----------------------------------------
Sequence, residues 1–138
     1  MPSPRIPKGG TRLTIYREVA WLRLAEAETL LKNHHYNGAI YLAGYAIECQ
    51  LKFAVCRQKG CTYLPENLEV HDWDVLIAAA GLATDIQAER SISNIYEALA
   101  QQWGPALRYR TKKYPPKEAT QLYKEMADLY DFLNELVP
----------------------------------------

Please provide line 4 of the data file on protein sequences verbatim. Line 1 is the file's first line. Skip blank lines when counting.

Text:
   101  QQWGPALRYR TKKYPPKEAT QLYKEMADLY DFLNELVP